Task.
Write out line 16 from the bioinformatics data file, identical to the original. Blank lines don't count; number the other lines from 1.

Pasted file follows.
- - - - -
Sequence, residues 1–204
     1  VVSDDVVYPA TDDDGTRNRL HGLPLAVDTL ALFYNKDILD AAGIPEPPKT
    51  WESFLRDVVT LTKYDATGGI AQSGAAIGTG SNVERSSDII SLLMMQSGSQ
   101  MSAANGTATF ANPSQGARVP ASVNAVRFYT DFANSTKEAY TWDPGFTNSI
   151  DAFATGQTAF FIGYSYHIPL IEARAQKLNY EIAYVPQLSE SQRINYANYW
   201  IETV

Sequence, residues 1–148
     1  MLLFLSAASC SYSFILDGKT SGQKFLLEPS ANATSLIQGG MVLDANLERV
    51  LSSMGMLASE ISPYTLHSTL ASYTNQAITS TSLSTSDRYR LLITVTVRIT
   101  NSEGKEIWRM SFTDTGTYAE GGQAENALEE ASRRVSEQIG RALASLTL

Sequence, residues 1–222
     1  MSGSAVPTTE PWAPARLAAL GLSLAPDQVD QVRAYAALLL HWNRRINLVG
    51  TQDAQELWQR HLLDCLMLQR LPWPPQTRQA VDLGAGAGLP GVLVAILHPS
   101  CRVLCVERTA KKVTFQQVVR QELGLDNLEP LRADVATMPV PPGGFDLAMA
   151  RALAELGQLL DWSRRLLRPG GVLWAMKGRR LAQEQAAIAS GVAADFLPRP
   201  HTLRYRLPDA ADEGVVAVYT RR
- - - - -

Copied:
   201  HTLRYRLPDA ADEGVVAVYT RR